Resumes, Letters & Interviews

Preparing for an interview

Confirming an interview

The way you interact with recruiters and hiring managers is just as important as your skills and qualifications when you’re looking for a job. The manner in which you handle verbal and written communication is likely to be an integral part of the job, so demonstrate proper etiquette in all responses to the company: from the early stages through the selection process. Take the opportunity to make a good first impression by being professional and considerate when you confirm interview appointments.

Email response: Thanks to technology, you can usually respond immediately, or at least quickly, to an interview request. Check your email frequently, and answer all requests as soon as possible. If you receive an email on your smartphone, send a message saying, "Thank you for your invitation to interview with ABC Company. Yes, I am available on Tuesday, September 4, at 2:00 p.m. I'm in a remote spot now and will send another confirmation once I get back to my home office." To make sure the recruiter knows you're responding remotely, you can add a signature line saying the message was sent from a mobile phone.

Phone response: If you receive a telephone call asking you to confirm your interview appointment, try to answer the call personally when it comes through. In a pleasant voice, thank the recruiter for the interview request and tell them you are available at the scheduled time. If you get a voicemail, call back and say, "thank you for calling to schedule an interview time. I'm sorry I wasn't able to take your call, but I'm available to interview with you on Tuesday, September 4, at 2:00 p.m., and I look forward to seeing you then." Use the recruiter's name when you call and pick a time when you won't be interrupted or have noise in the background.

Alternative time: If the day and time the recruiter offers for your interview isn't convenient for you, consider rearranging your schedule to accommodate the recruiter's. Tell the interviewer that you appreciate the invitation and you're looking forward to meeting with them, but that you have a scheduling conflict. You can say that you may be able to rearrange your schedule, but that you need a few hours to do so, or you can suggest alternative dates. Always try to make it easy for the recruiter since you're the one looking for a job.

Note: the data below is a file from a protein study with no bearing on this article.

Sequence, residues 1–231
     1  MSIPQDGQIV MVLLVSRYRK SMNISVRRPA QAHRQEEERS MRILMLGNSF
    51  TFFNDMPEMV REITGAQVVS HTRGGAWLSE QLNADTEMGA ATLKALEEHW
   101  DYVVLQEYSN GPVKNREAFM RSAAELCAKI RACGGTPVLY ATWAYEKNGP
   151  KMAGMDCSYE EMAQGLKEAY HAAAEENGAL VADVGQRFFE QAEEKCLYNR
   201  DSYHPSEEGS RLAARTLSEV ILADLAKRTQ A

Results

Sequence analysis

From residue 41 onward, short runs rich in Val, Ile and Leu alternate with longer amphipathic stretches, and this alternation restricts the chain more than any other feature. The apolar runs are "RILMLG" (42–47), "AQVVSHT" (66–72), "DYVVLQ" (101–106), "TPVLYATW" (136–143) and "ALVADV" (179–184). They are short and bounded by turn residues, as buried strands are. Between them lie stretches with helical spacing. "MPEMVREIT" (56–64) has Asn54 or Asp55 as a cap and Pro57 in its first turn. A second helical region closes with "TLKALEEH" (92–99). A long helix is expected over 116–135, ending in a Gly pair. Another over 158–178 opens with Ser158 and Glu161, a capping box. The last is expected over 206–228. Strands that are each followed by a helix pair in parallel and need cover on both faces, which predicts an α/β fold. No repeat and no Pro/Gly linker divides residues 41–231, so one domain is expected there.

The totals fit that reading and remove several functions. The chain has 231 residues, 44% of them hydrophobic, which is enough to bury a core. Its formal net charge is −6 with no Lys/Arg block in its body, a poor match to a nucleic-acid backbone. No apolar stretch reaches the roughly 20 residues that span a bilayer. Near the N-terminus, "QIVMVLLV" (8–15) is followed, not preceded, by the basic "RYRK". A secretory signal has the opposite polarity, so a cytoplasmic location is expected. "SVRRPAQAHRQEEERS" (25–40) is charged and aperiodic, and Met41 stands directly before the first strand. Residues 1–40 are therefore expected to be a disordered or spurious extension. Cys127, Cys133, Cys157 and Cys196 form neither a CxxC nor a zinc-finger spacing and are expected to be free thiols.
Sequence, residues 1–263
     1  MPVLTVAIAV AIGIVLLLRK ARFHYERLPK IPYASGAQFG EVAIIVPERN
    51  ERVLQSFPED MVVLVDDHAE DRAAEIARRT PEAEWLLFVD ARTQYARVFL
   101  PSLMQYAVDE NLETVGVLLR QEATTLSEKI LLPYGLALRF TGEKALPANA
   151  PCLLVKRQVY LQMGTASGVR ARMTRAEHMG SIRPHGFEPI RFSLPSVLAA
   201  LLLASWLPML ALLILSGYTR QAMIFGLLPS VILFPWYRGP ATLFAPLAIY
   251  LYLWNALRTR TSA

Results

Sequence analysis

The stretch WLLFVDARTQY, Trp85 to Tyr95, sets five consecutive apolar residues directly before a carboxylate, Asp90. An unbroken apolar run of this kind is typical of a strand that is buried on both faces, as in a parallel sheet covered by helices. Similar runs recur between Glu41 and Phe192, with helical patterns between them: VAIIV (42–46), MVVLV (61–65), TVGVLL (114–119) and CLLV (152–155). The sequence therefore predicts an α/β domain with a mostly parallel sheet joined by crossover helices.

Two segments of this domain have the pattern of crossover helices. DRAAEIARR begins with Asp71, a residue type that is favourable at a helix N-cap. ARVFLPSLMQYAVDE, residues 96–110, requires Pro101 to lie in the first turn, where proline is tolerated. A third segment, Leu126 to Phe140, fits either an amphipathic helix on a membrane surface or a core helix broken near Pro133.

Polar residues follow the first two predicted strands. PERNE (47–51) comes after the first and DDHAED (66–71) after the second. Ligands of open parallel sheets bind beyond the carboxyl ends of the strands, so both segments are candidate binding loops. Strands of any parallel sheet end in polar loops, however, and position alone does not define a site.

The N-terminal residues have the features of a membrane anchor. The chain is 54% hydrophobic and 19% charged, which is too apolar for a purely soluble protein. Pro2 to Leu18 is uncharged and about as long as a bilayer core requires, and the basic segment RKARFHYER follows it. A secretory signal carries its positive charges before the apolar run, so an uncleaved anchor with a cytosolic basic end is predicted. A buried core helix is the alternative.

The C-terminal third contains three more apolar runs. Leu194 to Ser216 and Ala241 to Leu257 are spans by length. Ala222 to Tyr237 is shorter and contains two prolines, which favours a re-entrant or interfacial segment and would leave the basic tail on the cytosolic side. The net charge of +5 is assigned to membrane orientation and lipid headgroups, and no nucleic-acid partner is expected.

Timeliness: Recruiters don’t have a lot of time to wait for you to confirm an interview time, so the sooner you can get back to them the better. Often interview slots are first come/first served, so you want to be as prompt as possible to get an interview slot that works best with your schedule.

Appreciation: Express your appreciation for being selected for an interview. There may be hundreds of applicants, depending on the job, who have applied for that same position. The fact that you were selected says that you have strong qualifications for the position. It also means that the recruiter extended you a courtesy in inviting you to interview with the company, so make sure you thank them.

Adapted from Ruth Mayhew, Demand Media


How to dress for an interview

Before you say a single word to the interviewer, you have already made an impression based on how you’re dressed. The guidelines given here are commonly accepted as appropriate for interviewing. The interview is not the time to try to set new standards. When in doubt, conservative is better than flashy and a suit is usually the safest bet.

Make an appointment with Career Services to setup a mock interview and get tips for successful interview strategies.

"You want your responses to the interviewers' questions to stand out and be memorable, not the outfit you were wearing." - Dakota Bennett, UW Bothell Career Coach


Guidelines for interview attire

You want your experience and qualifications to shine. Your appearance should enhance your presentation, not overwhelm it.

Hygiene is important and so are first impressions

  • Fresh breath (carry mints with you; be sure to spit out chewing gum before the interview)
  • Make sure your hair is neat, for those with facial hair, this includes being clean shaven or having a neatly trimmed beard
  • Keep nails trimmed neatly and if wearing nail polish, choose a color/style that is not distracting

Keep it simple

  • Avoid strong fragrances and excessive accessories and make-up
  • Choose solid colors rather than flashy patterns
  • Bright ties bring focus to the face, but a simple pattern is best for an interview
  • Wear polished close-toed shoes with socks high enough so no skin is visible when you sit down and cross your legs, socks and belt should match your shoes
  • Cover tattoos, when applicable, if possible


Dressing for work

Relaxed workplace attire is becoming the norm. At many companies "casual Friday" has expanded to the rest of the week. Each company, season, industry, and geographic region will call for different fashion decisions; how you dress at the job may have very little to do with how you dress for an interview. After being offered a position, it's a good idea to simply ask your supervisor about the dress code when you're unsure of those expectations. Additionally, you can research how employees dress by reviewing their website or taking note of how folks were dressed during your interview.